John SickelsAll of these are really unsubstantiated comments. Danny Knobler implicitly agrees with an unnamed player making a conclusion based on unsubstantiated connections between drug use and performance. Jon Heyman falls into the same boat. John Sickels, a conduit for evaluation on prospects, should know full well that player development is not linear. It surprises me that someone who has spent his life analyzing player performance would so quickly attach himself to the idea that testosterone cures all. It is disappointing to read such a knee jerk response from a writer who was really the person who got me into more critically evaluating prospects.
Cabrera has greatly exceeded expectations the last two seasons, and now we know why. Certainly, his record as a prospect didn't imply that he was capable of this kind of performance.
Yes, Melky suspension is tough on Giants. But as one player from another team said, they already benefited from his cheating.
His career turnaround seemed too good to be true. And so it was.
What do we know about testosterone and athletic performance?
Testosterone will increase muscle mass. It will increase muscle mass more with exercise. This muscle is largely functional in that it certainly does increase strength (something human growth hormone has not been found to do making it the biggest bogeyman of this thrashing, poorly thought out effort to reduce PED use in baseball). So, yes, testosterone will make you bigger and stronger and using it with a great deal of hard work will make you even bigger and stronger.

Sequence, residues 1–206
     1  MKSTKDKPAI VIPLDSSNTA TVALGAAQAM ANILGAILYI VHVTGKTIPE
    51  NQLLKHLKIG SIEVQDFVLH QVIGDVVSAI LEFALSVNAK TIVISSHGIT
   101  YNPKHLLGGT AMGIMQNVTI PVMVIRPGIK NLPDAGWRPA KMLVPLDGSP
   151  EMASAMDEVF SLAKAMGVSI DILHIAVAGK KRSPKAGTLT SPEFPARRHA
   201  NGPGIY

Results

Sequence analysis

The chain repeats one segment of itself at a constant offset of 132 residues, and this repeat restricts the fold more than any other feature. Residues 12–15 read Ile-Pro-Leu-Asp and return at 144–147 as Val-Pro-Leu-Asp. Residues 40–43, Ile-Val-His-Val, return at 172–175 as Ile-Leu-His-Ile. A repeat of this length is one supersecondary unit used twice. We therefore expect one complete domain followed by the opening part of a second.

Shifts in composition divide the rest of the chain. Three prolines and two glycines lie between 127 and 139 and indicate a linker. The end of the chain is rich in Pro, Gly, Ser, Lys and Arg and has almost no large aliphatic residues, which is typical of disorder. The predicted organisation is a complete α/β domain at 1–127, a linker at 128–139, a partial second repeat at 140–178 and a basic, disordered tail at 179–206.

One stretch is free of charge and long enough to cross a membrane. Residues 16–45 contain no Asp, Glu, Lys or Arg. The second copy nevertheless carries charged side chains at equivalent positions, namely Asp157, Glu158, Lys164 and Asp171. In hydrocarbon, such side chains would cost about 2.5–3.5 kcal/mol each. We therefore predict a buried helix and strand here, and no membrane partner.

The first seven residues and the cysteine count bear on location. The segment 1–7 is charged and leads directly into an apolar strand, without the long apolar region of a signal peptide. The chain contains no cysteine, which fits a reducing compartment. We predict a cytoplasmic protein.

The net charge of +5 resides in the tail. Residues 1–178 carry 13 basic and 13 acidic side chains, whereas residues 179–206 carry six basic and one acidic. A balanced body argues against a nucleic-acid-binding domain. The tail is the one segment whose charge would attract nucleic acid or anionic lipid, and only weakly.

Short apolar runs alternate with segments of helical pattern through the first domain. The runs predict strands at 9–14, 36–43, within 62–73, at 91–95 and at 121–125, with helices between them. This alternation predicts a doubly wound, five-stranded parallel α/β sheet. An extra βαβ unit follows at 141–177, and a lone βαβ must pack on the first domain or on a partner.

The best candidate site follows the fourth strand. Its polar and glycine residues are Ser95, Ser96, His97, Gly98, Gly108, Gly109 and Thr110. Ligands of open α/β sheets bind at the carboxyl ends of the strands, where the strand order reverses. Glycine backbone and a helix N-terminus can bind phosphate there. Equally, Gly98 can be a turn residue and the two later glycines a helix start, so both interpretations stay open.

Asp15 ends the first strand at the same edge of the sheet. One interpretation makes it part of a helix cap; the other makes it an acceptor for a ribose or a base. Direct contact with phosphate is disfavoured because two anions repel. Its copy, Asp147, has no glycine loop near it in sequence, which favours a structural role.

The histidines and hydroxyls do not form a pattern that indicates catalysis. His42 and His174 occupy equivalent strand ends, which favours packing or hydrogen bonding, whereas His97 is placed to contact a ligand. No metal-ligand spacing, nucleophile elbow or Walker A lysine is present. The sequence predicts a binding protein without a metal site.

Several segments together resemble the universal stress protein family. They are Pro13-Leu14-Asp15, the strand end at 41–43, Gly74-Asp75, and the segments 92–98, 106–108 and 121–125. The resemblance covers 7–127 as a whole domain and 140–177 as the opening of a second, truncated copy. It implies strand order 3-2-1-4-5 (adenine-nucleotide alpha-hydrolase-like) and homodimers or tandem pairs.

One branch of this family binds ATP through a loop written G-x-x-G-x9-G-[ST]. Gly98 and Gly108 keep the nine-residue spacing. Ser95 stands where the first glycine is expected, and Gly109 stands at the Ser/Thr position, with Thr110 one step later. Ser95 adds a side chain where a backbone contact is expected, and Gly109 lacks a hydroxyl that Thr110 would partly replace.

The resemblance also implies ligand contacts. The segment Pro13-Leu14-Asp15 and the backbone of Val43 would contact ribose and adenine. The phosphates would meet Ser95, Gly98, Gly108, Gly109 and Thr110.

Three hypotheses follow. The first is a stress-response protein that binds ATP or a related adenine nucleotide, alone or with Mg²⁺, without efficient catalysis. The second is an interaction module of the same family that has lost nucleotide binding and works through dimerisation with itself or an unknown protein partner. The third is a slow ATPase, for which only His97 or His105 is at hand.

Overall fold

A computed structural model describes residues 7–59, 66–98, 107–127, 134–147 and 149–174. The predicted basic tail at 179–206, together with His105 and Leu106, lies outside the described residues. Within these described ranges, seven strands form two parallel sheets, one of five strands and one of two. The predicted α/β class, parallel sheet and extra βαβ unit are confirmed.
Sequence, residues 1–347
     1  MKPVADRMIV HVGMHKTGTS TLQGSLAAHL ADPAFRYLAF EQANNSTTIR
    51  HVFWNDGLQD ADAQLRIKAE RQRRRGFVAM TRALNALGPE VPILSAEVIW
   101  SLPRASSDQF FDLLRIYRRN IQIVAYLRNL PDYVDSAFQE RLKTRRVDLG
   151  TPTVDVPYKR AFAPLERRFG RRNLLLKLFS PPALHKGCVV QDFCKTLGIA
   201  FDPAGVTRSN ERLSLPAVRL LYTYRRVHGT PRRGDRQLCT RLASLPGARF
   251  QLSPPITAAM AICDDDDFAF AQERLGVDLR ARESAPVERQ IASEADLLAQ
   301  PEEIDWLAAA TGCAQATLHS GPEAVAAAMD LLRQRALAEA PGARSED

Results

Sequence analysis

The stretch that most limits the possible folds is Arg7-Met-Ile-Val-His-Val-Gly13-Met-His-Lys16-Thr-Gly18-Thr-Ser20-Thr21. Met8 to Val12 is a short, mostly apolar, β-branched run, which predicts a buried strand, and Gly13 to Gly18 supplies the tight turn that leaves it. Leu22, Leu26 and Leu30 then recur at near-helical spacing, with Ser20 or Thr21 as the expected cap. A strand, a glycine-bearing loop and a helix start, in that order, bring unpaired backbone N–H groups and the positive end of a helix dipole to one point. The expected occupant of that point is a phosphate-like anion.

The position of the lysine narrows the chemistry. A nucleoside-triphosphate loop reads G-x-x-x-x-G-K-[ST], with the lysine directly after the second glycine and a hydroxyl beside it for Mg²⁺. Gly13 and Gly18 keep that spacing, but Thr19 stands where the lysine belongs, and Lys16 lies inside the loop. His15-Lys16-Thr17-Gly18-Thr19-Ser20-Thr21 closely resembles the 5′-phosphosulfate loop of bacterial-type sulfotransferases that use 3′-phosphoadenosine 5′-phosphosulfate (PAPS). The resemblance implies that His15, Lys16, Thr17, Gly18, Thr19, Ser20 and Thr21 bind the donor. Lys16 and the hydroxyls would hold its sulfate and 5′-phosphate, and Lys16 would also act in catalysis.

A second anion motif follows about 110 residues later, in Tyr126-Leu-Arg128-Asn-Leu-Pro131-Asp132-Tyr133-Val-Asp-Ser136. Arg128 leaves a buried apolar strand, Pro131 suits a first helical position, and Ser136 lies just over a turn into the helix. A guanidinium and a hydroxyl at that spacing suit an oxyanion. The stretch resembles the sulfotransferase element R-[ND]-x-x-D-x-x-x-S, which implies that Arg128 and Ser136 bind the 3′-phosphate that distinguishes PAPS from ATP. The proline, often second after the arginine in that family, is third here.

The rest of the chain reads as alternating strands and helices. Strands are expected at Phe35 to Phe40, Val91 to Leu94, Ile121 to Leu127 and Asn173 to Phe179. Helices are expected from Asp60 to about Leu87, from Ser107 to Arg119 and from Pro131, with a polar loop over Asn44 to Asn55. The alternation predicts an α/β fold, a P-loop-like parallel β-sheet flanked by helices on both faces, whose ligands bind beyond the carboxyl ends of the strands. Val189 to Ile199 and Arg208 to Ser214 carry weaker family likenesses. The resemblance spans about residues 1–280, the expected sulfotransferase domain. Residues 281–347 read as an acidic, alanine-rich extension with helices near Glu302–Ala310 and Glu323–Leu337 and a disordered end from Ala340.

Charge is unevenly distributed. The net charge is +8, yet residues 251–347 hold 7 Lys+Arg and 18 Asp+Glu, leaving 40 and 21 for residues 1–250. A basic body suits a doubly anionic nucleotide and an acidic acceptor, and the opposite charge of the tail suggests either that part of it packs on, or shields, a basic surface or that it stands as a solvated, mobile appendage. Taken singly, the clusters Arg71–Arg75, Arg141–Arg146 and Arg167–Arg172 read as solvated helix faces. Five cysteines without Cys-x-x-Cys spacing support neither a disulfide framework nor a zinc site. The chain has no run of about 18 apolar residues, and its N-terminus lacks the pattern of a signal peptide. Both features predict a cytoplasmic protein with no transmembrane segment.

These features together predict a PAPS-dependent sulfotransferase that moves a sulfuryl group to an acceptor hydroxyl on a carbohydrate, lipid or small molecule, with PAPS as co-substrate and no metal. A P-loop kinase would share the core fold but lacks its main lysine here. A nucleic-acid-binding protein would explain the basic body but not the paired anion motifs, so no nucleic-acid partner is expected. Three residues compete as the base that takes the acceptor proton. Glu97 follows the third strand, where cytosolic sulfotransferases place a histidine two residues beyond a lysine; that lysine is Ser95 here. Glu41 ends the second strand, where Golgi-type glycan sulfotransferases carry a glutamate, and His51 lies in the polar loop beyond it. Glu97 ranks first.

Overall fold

This leads to the next part of the logic train: does strength mean you are a better baseball player?
Maybe, but we do not know. I think everyone is aware of the wall of sound declaring that PEDs actually increase performance, but there actually is a great body of evidence suggesting otherwise. The answer is not incredibly clear cut, so to immediately assume everything is a mirage is somewhat Chicken Little-ing the discussion.
That is what truly irritates me about the whole PED discussion...it simply is not a discussion. It is a horde of folks running and chasing after an easy concept without truly considering the complexity of the situation. Human growth hormone supplements could have been an amazing conversation about the state of science and how athletes are using the substances. Instead, we throw every player using into a raging fire where taking a more conservative approach would have enabled us to determine more clearly whether or not a substance improved performance or not. This resulted in MLB spending millions of dollar to initiate and maintain an HGH program that likely roots out (poorly) usage of a substance that in all likelihood does nothing to improve performance.
Honestly, I think the only proven effects of PED use in baseball is lazy sports writing.
Yes, Melky cheated. No, we don't know if him cheating with testosterone had anything to do with his improved performance. It probably is not directly unrelated. It probably has a great deal of placebo effect riding on it. However, a lot, if not almost all, of it is likely Melky. His career walk rate, strikeout rate, stolen base rate, and home run rate are all in expected ranges. The difference is that he BABIP is about 20% higher than his career level (and we should expect that to crash) and, with that increase in BABIP, he is showing an increase in secondary power. For a player at an age where peak performance could be expected and someone who had not to dissimilar seasons in 2011 and 2009 when accounting for BABIP...this season is really not remarkable.